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Is there any difference between a bicuspid aorticvalve replacement and mitral valve replacement surgery?

Is there any difference between  a bicuspid aorticvalve replacement and mitral valve replacement surgery?

Yes: The aortic valve and the mitral valve are two completely different valves. Whereas bicuspid aortic valve surgery usually requires replacement, the preferred approach to mitral valve surgery, unless for severe stenosis or severe mitral regurgitation in a minority of instances, is mitral valve repair. A very experienced opinion is often required. ...Read more

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What is icd-9 of aortic valve stenosis?

What is icd-9 of aortic valve stenosis?

424.1: The closest I have been able to find is 424.1, aortic valve disorders. I cannot find a specific code for stenosis. ...Read more

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Aortic valve replacement done with pig or fake one?

AVR: Aortic valves can be replaced with either mechanical valves or bio prosthetic, taken from animals and treated to prevent rejection. There are different reasons for choosing either valve such as age and treatment with anticoagulants. Individuals who do not wish to be on meds such as Coumadin (warfarin) may have a bioprosthetic valve, however, younger individuals usually have mechanical valves. ...Read more

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Information/experiences with pulmonary valve replacement risks?

Information/experiences with pulmonary valve replacement risks?

Indication?: Assuming an adult patient, it would be important to determine if replacement is truly necessary. If the valve is very tight and creating right heart failure or low output syndrome (quite rare), valvuloplasty or removal without replacement may suffice. If the valve is infected, other complications may be present. Best left to the attending cardiologist and consulting surgeon. ...Read more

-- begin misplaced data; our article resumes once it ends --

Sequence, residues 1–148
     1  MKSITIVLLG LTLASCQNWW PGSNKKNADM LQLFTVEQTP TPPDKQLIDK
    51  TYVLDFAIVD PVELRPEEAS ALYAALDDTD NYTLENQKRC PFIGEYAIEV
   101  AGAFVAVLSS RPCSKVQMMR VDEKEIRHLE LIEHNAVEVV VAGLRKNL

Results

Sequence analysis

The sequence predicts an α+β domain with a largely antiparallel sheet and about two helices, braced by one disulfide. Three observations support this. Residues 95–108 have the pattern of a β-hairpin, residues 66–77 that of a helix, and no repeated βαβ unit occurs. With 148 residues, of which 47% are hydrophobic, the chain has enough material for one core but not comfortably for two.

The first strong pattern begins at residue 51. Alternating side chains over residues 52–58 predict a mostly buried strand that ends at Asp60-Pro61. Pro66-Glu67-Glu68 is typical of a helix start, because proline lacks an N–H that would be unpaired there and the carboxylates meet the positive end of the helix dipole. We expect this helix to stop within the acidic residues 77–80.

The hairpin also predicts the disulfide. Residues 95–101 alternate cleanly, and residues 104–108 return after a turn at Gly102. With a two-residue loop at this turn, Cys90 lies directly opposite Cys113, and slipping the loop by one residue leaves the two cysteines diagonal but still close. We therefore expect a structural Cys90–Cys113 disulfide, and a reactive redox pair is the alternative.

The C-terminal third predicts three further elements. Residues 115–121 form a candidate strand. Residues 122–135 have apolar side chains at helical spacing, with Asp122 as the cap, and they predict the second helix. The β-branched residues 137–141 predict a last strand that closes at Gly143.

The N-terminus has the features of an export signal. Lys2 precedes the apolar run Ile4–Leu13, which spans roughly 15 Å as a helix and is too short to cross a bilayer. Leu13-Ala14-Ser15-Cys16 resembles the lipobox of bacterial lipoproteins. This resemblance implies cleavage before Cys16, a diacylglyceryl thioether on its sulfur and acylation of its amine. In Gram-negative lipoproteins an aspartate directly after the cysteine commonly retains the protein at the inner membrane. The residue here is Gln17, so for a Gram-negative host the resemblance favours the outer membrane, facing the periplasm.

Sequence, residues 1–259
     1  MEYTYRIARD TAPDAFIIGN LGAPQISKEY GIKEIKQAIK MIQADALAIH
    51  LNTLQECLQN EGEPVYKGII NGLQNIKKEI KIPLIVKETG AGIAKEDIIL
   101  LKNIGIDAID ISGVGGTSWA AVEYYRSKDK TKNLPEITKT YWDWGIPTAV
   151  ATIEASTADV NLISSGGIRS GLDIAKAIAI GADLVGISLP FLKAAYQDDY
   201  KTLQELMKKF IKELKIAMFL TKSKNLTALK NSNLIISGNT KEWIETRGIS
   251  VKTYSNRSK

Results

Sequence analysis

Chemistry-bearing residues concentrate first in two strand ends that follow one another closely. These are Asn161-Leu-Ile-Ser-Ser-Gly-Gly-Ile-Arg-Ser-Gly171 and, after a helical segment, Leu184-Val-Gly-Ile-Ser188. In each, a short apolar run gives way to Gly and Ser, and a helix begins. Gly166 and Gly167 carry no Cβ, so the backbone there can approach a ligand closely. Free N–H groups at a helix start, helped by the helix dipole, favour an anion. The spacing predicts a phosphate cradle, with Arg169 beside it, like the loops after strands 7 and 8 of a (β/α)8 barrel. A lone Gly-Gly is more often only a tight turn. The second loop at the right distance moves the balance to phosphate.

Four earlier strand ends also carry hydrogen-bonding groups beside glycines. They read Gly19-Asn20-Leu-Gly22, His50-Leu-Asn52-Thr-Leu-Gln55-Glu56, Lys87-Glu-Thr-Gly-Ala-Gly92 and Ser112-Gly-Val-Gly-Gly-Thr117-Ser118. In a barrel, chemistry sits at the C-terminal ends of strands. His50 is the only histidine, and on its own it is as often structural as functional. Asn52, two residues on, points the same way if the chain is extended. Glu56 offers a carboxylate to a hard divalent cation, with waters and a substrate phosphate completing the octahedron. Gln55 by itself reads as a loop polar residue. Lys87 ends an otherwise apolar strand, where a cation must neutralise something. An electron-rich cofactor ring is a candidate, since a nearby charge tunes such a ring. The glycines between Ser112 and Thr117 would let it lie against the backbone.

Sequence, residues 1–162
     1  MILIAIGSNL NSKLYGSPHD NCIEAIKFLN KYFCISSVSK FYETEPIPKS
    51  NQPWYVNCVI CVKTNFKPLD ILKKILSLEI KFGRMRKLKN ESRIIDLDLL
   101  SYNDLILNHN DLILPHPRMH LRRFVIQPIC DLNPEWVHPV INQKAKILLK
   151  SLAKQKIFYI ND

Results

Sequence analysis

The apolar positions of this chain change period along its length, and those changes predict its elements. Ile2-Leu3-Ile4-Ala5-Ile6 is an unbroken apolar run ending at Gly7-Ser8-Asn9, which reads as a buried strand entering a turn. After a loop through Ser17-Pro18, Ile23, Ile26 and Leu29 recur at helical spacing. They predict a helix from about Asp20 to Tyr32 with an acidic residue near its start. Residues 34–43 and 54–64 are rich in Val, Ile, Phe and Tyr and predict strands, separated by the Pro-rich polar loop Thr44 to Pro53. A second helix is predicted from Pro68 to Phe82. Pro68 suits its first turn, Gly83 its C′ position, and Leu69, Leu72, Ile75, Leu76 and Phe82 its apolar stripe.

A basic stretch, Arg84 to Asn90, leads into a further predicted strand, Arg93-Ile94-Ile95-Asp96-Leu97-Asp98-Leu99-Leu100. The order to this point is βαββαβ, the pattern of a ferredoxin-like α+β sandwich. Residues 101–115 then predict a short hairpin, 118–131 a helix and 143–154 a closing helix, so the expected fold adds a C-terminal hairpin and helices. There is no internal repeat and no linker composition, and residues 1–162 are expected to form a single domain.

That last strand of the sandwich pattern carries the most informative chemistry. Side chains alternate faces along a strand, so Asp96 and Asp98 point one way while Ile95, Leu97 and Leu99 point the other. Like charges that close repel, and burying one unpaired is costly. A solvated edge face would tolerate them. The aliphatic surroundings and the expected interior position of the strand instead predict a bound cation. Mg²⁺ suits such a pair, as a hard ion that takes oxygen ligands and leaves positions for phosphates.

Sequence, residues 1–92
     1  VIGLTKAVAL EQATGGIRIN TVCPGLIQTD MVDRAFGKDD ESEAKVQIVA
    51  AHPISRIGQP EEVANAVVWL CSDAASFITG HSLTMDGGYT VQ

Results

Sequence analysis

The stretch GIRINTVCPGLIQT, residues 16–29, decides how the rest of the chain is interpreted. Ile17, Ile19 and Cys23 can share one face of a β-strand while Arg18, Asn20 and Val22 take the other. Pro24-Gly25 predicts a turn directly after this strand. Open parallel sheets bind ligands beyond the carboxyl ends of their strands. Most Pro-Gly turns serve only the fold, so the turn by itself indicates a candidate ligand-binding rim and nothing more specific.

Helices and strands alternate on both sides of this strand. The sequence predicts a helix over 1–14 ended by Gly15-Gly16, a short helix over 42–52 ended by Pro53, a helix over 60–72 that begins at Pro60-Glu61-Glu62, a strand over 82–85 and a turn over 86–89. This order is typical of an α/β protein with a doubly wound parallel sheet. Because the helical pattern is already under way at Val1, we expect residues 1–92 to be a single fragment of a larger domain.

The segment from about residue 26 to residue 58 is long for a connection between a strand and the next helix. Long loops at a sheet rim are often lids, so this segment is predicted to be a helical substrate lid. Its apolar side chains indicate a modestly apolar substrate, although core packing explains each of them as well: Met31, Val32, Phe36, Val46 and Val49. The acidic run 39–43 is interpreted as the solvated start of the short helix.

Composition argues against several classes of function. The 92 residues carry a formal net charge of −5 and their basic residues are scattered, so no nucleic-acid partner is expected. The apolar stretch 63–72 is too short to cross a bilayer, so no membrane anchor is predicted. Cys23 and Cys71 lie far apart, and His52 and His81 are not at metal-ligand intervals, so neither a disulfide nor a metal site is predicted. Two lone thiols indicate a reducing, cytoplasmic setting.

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Why would acute rheumatic fever target the mitral valve causing mitral valve stenosis?

No one really knows: Good question. But the answer is obscure. Rheumatic fever also affects the aortic valve. But why it targets valves on the right side of the heart is unclear. These are valves that are subject to greater pressures whih may be a reason. ...Read more

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Dr. Steven Griggs
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Aortic Valve (Definition)

The aortic valve is one of 4 valves in the heart, each of which separates 2 cardiac chambers. It opens when blood is actively ejected from the left ventricle into the aorta artery, to be carried to the rest of the body. It then closes firmly to prevent blood from flowing backwards, while it passively continues to flow forward to body's vital organs. When next heartbeat ...Read more


Aorta (Definition)

The aorta is the largest artery in the body, leaving directly from the left ventricle of the heart to supply blood to the entire body. It is made of elastic tissue layers called "intima" and is subject to damage by high blood pressure, smoking, cholesterol, ...Read more